Mickey Hart - The Best of Mickey Hart: Over the Edge and Back 
Music Disc Reviews Audio CD
Written by Dan MacIntosh   
Tuesday, 23 April 2002

Over The Edge and Back,
Rykodisc, 2002
| Performance 9 | Sound 8 |

No doubt, Mickey Hart made a lasting impression on rock music in his role as a drummer for the Grateful Dead. But in these, his post-Dead days, he’s also making an equally loud noise as a world music leader. His "Planet Drum" album, in fact, took home the first ever Best World Music Album Grammy, which solidifies Hart as being more than just a mere world music dabbler. Over The Edge And Back samples tracks from each of Hart’s seven world music releases, and presents a healthy overview of these sounds he so obviously loves.

You wouldn’t expect to hear didgerido sampled on any Dead disc, even though that band was more eclectic than you might have imagined, but on "Angola" (taken from the Supralingua album), Graham Wiggins’ work on the instrument can be heard in full effect. This track also features a vocal sample by the Gyuto Monks Tantric Choir, which is singing that certainly differs from Jerry and the boys.

Since Hart is primarily a rhythm man and not a singer, he’s ably assisted vocally here by Bruce Hornsby on "Down The Road," and by the vocal group Mint Juleps in quite a few places. Singing is usually a secondary element for Hart on these releases, since his main goal is remaining on an unending search for new and exotic global sounds. One of the clearest signs of this collection’s artistic success is that no two tunes on it sound anything alike.

"The Eliminators," from At The Edge, is a synth-driven electronic mood piece. On it, Jerry Garcia contributes a jazzy guitar synthesizer part, which comes off like a computerized oboe, and gives the tune a fusion-y Weather Report vibe. Then there is "Udu Chant," which has a distinctly jungle flavor, especially because of Airto Moreira's bird calls, whistles, conch shell, claps and chimes. "Temple Caves" sounds eerie enough to be confused with a "Twilight Zone" soundtrack.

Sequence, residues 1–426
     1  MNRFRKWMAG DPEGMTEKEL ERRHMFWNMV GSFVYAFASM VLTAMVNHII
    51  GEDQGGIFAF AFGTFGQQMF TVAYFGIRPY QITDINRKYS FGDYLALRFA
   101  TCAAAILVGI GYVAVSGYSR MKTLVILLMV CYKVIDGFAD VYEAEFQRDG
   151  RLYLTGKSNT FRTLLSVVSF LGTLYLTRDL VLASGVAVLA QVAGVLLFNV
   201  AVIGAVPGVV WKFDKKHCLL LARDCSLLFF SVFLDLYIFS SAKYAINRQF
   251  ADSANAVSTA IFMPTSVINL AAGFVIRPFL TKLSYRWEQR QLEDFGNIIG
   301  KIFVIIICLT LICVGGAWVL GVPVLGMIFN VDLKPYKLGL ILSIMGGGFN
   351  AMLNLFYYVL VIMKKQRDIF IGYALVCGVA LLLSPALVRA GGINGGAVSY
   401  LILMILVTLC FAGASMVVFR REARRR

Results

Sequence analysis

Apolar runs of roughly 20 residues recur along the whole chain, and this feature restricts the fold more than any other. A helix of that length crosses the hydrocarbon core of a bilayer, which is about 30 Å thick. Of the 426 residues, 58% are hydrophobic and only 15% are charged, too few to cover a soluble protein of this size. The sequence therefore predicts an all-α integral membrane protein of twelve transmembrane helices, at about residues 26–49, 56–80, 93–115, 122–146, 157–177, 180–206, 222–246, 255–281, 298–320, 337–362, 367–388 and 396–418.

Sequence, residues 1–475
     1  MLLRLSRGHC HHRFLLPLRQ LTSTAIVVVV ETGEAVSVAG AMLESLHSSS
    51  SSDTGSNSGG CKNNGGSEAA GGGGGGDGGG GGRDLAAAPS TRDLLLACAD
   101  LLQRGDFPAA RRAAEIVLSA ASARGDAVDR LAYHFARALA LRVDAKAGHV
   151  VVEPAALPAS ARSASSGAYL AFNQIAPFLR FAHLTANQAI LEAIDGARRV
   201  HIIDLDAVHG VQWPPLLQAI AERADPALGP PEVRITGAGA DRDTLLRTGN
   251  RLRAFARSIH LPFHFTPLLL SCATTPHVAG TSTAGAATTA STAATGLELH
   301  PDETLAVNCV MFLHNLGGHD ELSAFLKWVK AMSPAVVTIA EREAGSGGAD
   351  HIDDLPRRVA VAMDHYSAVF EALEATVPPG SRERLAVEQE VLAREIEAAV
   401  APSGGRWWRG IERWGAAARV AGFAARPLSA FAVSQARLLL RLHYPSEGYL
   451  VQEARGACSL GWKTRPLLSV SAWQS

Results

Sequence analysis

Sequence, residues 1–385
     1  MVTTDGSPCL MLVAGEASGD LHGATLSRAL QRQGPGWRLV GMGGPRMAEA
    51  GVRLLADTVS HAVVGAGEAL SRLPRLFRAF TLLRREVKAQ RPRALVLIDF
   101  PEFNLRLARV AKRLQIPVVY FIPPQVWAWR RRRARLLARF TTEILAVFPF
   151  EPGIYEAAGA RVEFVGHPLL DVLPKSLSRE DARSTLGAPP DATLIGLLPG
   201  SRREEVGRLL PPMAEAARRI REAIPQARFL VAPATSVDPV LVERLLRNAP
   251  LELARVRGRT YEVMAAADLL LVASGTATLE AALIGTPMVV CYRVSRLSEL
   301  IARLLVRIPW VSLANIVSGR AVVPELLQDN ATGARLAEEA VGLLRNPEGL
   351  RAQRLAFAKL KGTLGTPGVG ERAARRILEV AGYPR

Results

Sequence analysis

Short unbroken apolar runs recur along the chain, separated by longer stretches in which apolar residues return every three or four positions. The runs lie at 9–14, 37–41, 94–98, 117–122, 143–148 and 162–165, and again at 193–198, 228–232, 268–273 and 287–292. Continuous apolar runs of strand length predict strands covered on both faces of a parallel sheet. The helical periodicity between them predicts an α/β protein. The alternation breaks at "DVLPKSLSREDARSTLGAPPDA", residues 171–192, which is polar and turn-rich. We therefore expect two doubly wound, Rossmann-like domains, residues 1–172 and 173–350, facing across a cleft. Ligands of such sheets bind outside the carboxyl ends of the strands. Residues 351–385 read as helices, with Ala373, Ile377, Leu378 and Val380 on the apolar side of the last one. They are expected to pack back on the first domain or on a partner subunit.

Speaking of eerie, "Compound" is from "The Apocalypse Now Sessions," about which Hart has been quoted as saying, "The cats hate it." But then again, cats usually scare awfully easily.

"Sweet Sixteen," for example, is noteworthy for Ray Spiegel's vibes and for the army of clicking percussion noises on its intro. It’s listed under the name of the Diga Rhythm Band, and is from the "Diga" album. At one point, it sounds like rainfall, especially when the vibes and marimbas back out for a moment, leaving only clattering percussion.

Later, Spiegel’s vibes go into a Milt Jackson-y jazz sort of thing, set against the marching drums, to close out the track. It’s like nothing you’ve ever heard before, believe me.

You may find yourself repeating, "It’s like nothing I’ve ever heard before" again and again while listing to this release. Such words are high praise of Hart, who has developed into a real master at making (out of this) world music.

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